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Bishop Police Dept. receives TxDot Grant

The City of Bishop Police Department has been awarded a grant from TxDot, marking the first time the police department has ever received funds from the state agency.

The TxDot Impaired Driving Mobilization Grant Award for the Bishop Police Department was accepted by council members during a Bishop City Council meeting held Wednesday, Sept. 29. Bishop Police Chief Edward Day said the department had applied for a Special TxDot STEP Grant, which stands for Special Traffic Enforcement Program. The total award is $8,000, which will be used as overtime revenue to put additional officers on the streets between 6 p.m. and 6 a.mm, in order to conduct DWI enforcement operations during high areas of the year such as New Year's Eve and Spring Break, Chief Day said. "We break it down to about 90 hours of overtime per period," Chief Day said, adding that TxDot refers to four specific periods throughout the year. Bishop has two zones that are targeted based on TxDot crash data on persons killed, Chief Day said. They are Hwy 77 and Business 77 and will be known as zones one and two, respectively. This is an 80/20 grant where TxDot pays 80 percent of overtime while the city pays 20 percent. "So for every $100 worked, they would reimburse $80 and we will cover $20," Chief Day told council members. "It won't be an increase to our budget, we'll use overtime funds already set aside for that." Chief Day said the TxDot Grant Award would pave the way for new funding possibilities.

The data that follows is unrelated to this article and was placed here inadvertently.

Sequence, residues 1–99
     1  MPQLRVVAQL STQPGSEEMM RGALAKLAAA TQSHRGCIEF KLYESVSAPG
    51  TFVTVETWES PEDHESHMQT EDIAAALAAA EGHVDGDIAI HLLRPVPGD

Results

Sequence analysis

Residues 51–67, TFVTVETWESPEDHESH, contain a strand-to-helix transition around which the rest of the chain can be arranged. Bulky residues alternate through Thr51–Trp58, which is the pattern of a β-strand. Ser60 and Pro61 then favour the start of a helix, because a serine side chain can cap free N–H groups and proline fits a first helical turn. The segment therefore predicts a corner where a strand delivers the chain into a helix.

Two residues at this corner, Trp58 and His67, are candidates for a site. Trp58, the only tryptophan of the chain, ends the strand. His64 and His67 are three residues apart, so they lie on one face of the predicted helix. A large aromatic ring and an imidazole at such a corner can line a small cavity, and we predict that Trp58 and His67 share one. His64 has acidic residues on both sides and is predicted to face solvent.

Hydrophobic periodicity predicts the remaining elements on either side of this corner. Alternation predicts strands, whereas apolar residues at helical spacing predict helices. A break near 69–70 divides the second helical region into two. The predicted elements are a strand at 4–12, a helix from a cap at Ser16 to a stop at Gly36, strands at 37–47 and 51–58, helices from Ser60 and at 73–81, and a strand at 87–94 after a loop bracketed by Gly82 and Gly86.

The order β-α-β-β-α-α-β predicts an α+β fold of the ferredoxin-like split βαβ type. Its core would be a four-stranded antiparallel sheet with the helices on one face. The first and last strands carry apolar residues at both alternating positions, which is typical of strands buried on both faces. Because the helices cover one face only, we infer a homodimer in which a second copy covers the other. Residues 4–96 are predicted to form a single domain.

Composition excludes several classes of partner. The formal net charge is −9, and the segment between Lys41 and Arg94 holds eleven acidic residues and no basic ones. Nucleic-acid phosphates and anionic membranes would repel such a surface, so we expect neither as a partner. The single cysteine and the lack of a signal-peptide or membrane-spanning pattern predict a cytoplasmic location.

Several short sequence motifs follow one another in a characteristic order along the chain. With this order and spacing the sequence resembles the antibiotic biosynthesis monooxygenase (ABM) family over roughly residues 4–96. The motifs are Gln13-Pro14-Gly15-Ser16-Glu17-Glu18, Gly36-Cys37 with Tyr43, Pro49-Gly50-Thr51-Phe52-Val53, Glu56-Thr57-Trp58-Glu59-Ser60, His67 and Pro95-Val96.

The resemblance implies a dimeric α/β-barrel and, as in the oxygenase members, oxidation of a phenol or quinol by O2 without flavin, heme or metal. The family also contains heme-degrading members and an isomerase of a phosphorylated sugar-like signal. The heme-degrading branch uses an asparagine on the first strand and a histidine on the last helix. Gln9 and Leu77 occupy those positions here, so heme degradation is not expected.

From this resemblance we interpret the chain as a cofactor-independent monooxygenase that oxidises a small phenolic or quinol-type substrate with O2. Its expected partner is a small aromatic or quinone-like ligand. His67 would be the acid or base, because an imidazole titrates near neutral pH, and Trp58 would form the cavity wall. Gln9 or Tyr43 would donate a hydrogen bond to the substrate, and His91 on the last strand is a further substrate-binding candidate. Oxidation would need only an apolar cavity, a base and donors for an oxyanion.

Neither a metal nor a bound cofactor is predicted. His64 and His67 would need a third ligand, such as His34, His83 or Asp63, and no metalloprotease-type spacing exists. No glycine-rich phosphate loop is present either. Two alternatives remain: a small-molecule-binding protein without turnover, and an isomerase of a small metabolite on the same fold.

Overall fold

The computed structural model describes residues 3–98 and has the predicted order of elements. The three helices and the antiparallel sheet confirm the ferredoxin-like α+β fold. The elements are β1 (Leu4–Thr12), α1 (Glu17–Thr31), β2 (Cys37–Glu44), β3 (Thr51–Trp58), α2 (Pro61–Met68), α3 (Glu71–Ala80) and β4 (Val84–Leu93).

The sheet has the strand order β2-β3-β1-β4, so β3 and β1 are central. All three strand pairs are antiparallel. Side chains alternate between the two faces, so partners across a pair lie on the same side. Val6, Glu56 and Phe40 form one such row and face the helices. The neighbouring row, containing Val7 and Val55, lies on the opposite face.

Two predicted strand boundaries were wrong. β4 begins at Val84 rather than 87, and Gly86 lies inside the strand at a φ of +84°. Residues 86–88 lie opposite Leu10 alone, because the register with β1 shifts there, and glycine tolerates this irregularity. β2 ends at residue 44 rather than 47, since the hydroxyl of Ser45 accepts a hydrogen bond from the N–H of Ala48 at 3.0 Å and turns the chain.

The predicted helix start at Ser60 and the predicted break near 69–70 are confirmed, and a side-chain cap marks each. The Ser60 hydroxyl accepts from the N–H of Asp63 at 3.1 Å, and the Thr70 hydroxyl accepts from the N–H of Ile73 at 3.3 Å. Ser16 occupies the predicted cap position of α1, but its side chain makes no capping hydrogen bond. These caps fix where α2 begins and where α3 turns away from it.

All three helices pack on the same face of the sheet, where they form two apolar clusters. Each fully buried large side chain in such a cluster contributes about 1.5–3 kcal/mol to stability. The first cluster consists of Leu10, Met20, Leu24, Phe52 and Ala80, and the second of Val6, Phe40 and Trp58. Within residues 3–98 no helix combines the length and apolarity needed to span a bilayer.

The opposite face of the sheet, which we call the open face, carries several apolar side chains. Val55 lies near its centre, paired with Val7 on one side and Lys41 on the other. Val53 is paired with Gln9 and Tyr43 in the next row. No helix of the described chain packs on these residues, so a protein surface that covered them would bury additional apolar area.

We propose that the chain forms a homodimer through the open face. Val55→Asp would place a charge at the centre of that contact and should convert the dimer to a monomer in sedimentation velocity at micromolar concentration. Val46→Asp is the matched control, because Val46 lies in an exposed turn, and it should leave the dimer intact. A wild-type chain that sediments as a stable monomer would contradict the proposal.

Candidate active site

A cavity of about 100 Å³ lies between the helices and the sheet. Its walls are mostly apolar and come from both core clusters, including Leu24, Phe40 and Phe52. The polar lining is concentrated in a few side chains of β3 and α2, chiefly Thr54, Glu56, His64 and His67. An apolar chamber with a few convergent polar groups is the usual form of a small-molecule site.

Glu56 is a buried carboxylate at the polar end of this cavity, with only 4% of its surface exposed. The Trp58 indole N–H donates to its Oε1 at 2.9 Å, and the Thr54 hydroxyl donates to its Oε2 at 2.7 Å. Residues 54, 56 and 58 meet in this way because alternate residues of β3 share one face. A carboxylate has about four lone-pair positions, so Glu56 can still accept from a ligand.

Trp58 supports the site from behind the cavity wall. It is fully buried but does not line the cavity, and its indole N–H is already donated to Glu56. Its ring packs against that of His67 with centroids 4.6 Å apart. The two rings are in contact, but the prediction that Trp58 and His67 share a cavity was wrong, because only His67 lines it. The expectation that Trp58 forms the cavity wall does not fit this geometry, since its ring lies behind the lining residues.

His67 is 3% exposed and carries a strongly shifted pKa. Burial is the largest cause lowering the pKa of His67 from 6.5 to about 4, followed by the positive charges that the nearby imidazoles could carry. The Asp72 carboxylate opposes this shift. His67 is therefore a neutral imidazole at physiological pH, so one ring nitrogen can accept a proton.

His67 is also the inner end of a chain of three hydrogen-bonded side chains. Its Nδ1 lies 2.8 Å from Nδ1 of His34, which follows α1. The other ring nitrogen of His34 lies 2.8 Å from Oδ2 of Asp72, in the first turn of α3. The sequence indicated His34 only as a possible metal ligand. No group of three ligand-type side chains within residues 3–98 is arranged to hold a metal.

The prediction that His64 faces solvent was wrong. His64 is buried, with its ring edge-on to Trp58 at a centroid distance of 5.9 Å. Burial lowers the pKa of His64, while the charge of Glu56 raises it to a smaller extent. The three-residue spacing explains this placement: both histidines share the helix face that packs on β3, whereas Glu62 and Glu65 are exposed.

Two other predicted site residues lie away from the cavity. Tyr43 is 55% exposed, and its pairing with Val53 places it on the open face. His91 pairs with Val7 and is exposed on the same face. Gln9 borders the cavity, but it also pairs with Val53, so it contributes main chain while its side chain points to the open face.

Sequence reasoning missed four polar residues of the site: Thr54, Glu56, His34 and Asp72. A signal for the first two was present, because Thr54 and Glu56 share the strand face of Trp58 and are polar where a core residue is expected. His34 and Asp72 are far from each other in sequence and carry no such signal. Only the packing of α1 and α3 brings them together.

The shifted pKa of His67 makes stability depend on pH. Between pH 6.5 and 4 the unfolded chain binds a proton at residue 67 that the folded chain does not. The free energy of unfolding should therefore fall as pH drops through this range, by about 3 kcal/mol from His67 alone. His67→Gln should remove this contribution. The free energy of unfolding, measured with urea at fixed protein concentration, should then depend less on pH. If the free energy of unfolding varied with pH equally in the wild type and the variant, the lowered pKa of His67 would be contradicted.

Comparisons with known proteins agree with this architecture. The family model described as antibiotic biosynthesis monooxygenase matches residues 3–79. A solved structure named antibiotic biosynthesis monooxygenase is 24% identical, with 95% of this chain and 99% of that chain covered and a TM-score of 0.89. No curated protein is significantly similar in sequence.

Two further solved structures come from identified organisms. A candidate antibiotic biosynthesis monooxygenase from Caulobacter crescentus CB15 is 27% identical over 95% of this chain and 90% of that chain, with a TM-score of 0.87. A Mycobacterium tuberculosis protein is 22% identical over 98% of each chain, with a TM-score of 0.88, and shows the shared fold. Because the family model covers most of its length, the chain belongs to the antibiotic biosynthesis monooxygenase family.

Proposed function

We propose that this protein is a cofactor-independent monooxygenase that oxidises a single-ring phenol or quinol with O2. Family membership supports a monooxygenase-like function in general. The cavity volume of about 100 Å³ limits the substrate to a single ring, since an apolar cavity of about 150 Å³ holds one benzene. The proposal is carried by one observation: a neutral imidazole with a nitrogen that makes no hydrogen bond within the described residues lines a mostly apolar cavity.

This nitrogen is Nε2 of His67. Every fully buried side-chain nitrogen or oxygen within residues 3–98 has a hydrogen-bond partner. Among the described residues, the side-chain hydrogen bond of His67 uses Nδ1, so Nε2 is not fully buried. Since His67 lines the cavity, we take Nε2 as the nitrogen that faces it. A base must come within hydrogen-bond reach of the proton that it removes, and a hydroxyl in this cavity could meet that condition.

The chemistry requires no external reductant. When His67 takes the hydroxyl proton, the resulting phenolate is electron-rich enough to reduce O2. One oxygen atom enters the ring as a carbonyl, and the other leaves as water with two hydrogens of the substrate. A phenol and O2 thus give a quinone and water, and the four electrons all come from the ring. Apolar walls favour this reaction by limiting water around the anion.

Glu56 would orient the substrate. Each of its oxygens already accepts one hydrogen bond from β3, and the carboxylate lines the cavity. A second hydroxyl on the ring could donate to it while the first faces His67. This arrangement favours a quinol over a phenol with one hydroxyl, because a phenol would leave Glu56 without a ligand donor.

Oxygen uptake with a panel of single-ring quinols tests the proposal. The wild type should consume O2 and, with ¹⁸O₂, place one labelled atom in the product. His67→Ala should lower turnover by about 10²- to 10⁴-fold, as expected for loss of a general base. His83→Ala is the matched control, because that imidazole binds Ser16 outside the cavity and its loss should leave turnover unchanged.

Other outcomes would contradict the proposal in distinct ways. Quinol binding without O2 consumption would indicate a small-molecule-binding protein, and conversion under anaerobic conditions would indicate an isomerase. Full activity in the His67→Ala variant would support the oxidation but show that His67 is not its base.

"This is the first one. Now that we got our foot in the door, we're eligible for a lot more grant opportunities," Chief Day said.

members. "It won't be an increase to our budget, we'll use overtime funds already set aside for that."

Chief Day said the TxDot Grant Award would pave the way for new funding possibilities.

"This is the first one. Now that we got our foot in the door, we're eligible for a lot more grant opportunities," Chief Day said.


County issues proclamations; takes budget action

The Kleberg County Commissioners Court met in regular session on Monday afternoon, taking action on a number of items that included proclamations saluting county 4-H participants and the Purple Door Shelter as part of Domestic Violence Awareness month.

The meeting started with a proclamation being read by Commissioner David Rosse saluting all 4-H participants and the County Agriculture extension office for their efforts in keeping children involved in raising animals and agriculture. The students present at the meeting had their picture taken, then served donuts and cupcakes to the people in attendance.

Immediately following the 4-H proclamation, Commissioner Rosse read a proclamation citing the good efforts of the Purple Door Shelter as part of Domestic Violence Awareness month. Members of the Purple Door Shelter were in attendance and had their picture taken with the Commissioners after the proclamation was read.

The majority of the meeting, however, was spent on a couple of items involving the Historic Commission and funding for the Sheriff Department involving line-item expenditures.

Maggie Salinas gave a presentation to the board on the status of the Historical Commission. Salinas informed the Board that many of the off-